A community-based, youth-led social marketing program at St. Lawrence College is receiving $64,750 to help Kingston go green.
The program has the goal of making Kingston the most sustainable city in Canada through curriculum activities, door-to-door campaigns and pledges to reduce carbon consumption.
Kingston’s Alternative Energy Cluster, SWITCH, will also receive $16,728 to organize the “1000 solar Rooftops Challenge“. The challenge is aimed at local homeowners, businesses, institutions and industry with the intention of fitting solar systems on their roofs and make Kingston the first city of its size to install 1,000 solar thermal or photovoltaic technologies.
The program is part of Ontario’s Community Go Green Fund to support projects that will help the Province switch to a lower-carbon lifestyle and reduce their impact on climate change.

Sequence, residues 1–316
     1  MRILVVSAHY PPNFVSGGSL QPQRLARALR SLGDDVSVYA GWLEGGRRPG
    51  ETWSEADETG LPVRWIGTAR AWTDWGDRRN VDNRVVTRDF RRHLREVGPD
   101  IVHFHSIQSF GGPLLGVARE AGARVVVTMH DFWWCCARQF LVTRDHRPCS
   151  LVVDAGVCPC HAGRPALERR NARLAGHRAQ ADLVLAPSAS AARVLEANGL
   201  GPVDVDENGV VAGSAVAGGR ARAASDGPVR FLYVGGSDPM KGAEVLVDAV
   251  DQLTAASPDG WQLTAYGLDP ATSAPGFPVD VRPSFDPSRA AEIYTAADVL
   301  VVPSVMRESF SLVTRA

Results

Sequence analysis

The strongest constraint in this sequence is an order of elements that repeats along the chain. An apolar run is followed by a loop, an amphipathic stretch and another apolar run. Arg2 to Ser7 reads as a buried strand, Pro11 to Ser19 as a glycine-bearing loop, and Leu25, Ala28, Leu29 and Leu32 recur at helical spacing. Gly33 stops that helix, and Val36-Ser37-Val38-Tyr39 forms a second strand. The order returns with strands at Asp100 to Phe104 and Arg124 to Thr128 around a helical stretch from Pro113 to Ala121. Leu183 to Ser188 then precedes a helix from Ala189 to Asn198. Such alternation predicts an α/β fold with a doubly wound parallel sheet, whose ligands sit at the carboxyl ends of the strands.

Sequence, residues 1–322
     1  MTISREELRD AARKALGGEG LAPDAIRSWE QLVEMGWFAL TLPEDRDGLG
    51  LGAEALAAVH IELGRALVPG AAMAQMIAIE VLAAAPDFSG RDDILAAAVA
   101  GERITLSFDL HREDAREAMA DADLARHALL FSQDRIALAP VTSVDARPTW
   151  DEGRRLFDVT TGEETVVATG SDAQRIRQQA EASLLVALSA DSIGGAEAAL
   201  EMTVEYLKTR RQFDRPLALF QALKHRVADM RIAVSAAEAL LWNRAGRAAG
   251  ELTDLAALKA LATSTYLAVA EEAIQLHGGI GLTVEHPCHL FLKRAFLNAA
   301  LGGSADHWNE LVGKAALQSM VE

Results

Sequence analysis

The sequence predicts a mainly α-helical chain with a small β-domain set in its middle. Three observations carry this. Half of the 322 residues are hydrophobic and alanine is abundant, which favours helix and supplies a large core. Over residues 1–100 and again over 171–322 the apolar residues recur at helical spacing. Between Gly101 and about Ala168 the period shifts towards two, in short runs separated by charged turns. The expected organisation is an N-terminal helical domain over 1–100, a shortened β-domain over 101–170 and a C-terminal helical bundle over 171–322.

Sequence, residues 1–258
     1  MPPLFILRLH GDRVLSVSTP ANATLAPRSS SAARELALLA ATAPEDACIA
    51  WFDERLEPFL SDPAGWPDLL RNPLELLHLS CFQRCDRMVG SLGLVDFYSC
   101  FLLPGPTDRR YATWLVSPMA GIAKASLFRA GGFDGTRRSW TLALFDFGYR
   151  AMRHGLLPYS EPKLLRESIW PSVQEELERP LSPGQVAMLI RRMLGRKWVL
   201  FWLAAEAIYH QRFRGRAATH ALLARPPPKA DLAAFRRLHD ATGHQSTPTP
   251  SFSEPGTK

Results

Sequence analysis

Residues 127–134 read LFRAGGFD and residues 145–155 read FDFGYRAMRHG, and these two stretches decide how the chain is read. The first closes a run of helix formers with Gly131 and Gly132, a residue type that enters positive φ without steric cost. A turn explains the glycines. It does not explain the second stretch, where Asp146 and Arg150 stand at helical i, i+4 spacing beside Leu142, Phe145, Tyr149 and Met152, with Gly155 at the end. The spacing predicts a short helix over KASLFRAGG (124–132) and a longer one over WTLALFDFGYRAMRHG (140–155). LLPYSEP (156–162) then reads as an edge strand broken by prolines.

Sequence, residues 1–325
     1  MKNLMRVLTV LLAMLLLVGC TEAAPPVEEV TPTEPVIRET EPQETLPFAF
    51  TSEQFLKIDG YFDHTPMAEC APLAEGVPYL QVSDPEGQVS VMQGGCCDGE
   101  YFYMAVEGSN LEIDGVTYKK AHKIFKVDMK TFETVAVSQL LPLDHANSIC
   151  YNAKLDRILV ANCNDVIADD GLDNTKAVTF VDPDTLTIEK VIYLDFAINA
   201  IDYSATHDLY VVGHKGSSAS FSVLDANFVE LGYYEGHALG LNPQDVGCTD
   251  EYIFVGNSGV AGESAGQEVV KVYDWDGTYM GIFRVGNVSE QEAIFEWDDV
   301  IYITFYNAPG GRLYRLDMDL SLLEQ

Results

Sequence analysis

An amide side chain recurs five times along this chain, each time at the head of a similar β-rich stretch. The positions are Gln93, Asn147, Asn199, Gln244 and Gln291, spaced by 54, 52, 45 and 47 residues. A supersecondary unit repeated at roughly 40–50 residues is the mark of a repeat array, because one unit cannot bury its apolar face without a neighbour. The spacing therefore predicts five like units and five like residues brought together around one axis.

The city will also receive $2 million in gas tax revenues for 2009/10. This money is allocated to expand and improve transit services in Kingston in hopes people will use less fuel and ease traffic gridlock.
John Gerretsen, MPP, Kingston and The Islands, and Minister of the Environment for Ontario said “Environmental action begins at home and in the community and we’re funding a unique variety of projects that will motivate our residents to join in reducing greenhouse gas emissions.”
Chris Whitaker, President and CEO at St. Lawrence College, praised the venture for creating jobs for students and giving Kingston the chance to become Canada’s most sustainable city.
Ted Hsu, the Executive Director at SWITCH Kingston, added that the 1000 Solar Rooftops Challenge will make Kingston a leader in the adoption of solar energy and bring green jobs to Ontario.
Kingston Mayor Harvey Rosen said he is grateful for the continued increase in provincial gas tax support for the city.